This guide gives some general information about how to seek a change in child support. The law calls this "modification" of child support.
This guide does not tell you if you can ask for or should ask for a modification of child support. This guide does not say if the modification of child support form is right for your situation. If you are not sure if you should use this form or if you can use this form try to find a lawyer to help you.
There are programs that offer free legal help for low-income or other qualified people. You can search for free legal help in your parish on http://www.louisianalawhelp.org/: http://louisianalawhelp.org/find-legal-help/directory/area
This guide is not legal advice. You can only get legal advice from a lawyer licensed to practice in your state who agrees to help you with your specific situation.
About Modification of Child Support
Modification of Child Support is the way a court can change the court order that says how much must be paid in child support.
The side asking the court to change the amount of child support must show a "material change in the circumstances of one of the parties between the time of the previous award and the rule for modification of the award." That means the person asking for child support to go up or go down must show that something happened to one side or the other that relates to how much should be paid to support the child or children. That person must also show that this situation happened since the last time the court made a decision on child support.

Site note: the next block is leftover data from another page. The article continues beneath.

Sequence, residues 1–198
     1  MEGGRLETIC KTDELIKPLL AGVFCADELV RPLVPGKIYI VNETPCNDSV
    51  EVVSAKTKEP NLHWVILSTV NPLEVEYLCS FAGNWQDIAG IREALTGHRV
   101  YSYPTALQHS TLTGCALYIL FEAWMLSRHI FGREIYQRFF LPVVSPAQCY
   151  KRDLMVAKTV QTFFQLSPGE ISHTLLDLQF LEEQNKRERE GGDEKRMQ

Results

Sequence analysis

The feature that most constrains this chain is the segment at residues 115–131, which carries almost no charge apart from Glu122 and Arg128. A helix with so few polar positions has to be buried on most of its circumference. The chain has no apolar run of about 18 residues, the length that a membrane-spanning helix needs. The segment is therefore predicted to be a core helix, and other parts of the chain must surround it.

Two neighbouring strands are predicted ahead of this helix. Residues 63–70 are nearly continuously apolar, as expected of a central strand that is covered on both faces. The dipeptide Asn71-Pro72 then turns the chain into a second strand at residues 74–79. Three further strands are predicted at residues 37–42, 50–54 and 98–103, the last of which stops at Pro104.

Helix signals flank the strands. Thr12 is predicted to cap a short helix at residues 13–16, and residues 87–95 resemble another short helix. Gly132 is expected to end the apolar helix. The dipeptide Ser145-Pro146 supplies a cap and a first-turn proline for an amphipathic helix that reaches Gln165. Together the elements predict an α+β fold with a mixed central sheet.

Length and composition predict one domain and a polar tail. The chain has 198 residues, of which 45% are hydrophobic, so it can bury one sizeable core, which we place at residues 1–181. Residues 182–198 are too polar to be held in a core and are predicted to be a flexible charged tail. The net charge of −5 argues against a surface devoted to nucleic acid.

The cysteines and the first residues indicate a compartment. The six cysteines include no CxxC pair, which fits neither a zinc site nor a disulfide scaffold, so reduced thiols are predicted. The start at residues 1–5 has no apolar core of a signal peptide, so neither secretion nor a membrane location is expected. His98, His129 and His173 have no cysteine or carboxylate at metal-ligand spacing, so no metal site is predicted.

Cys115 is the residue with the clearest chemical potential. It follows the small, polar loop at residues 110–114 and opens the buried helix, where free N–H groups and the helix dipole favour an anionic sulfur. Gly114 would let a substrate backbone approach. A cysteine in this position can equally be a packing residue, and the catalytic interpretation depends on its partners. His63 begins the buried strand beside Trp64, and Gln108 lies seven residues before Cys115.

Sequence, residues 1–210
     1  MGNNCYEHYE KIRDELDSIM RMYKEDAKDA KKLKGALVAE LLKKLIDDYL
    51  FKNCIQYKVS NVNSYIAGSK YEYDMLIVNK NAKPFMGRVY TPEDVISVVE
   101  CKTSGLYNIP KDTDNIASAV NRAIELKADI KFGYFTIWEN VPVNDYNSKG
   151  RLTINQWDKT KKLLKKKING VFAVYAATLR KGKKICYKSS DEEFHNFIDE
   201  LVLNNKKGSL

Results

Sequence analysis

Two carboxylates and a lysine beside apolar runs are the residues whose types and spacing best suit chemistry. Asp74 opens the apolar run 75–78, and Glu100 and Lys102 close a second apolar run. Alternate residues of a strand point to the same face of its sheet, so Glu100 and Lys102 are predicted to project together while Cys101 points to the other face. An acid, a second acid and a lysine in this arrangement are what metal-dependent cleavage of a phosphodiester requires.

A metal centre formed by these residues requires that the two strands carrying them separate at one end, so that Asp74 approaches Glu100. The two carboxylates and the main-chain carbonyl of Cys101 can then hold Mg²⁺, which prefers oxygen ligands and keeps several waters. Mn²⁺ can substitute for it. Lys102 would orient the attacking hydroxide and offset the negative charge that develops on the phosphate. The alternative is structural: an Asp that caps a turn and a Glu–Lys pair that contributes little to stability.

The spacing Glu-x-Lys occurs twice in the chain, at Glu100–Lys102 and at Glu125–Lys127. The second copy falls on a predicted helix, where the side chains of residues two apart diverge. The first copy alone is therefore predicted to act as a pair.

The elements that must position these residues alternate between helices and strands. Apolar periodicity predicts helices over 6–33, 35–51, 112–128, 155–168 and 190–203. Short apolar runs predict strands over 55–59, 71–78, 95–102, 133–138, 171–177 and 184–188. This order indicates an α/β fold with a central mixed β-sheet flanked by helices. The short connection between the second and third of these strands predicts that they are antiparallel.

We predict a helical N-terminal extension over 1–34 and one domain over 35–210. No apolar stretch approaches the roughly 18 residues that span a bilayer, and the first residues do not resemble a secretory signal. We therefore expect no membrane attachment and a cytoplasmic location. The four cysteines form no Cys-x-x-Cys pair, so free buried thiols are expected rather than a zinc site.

The form created by the Louisiana Department of Children and Family Services has boxes to check for a person to list those things that may show a need for child support to go up or down. There is also a place on the form to describe an event or situation not listed on the form.
Warning: you need a valid reason to seek a change in child support. Louisiana Revised Statutes 9:311 says: " If the court does not find good cause sufficient to justify an order to modify child support or the motion is dismissed prior to a hearing, it may order the mover to pay all court costs and reasonable attorney fees of the other party if the court determines the motion was frivolous." La. Rev. Stat. 9:311(E).
If you have a case that is being handled by DCFS/SES, you should have been assigned a case worker. You may want to contact your case worker to pursue the process. State and federal law requires DCFS/SES to assist you with the process even if you are the one paying the child support.